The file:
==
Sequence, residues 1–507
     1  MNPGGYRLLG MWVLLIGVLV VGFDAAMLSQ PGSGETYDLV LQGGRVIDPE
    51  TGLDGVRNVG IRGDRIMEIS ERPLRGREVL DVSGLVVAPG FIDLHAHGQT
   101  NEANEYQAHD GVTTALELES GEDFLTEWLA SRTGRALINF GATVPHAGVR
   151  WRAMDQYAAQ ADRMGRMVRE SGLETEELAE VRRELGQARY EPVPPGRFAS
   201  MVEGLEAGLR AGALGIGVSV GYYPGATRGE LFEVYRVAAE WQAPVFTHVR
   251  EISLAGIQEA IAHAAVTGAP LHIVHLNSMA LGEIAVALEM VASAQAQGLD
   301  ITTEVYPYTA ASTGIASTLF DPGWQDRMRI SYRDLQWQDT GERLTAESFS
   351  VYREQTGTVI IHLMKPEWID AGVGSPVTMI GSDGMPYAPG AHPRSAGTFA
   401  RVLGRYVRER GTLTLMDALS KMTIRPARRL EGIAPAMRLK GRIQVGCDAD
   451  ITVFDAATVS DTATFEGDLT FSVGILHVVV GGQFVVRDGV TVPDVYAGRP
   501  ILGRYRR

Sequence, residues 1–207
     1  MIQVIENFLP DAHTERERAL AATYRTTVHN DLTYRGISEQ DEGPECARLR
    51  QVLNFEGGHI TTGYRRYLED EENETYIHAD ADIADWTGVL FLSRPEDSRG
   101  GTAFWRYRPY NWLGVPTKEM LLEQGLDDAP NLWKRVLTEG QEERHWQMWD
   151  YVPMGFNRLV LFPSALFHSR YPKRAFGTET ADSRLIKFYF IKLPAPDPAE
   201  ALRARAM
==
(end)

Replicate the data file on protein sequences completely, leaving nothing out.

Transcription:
Sequence, residues 1–507
     1  MNPGGYRLLG MWVLLIGVLV VGFDAAMLSQ PGSGETYDLV LQGGRVIDPE
    51  TGLDGVRNVG IRGDRIMEIS ERPLRGREVL DVSGLVVAPG FIDLHAHGQT
   101  NEANEYQAHD GVTTALELES GEDFLTEWLA SRTGRALINF GATVPHAGVR
   151  WRAMDQYAAQ ADRMGRMVRE SGLETEELAE VRRELGQARY EPVPPGRFAS
   201  MVEGLEAGLR AGALGIGVSV GYYPGATRGE LFEVYRVAAE WQAPVFTHVR
   251  EISLAGIQEA IAHAAVTGAP LHIVHLNSMA LGEIAVALEM VASAQAQGLD
   301  ITTEVYPYTA ASTGIASTLF DPGWQDRMRI SYRDLQWQDT GERLTAESFS
   351  VYREQTGTVI IHLMKPEWID AGVGSPVTMI GSDGMPYAPG AHPRSAGTFA
   401  RVLGRYVRER GTLTLMDALS KMTIRPARRL EGIAPAMRLK GRIQVGCDAD
   451  ITVFDAATVS DTATFEGDLT FSVGILHVVV GGQFVVRDGV TVPDVYAGRP
   501  ILGRYRR

Sequence, residues 1–207
     1  MIQVIENFLP DAHTERERAL AATYRTTVHN DLTYRGISEQ DEGPECARLR
    51  QVLNFEGGHI TTGYRRYLED EENETYIHAD ADIADWTGVL FLSRPEDSRG
   101  GTAFWRYRPY NWLGVPTKEM LLEQGLDDAP NLWKRVLTEG QEERHWQMWD
   151  YVPMGFNRLV LFPSALFHSR YPKRAFGTET ADSRLIKFYF IKLPAPDPAE
   201  ALRARAM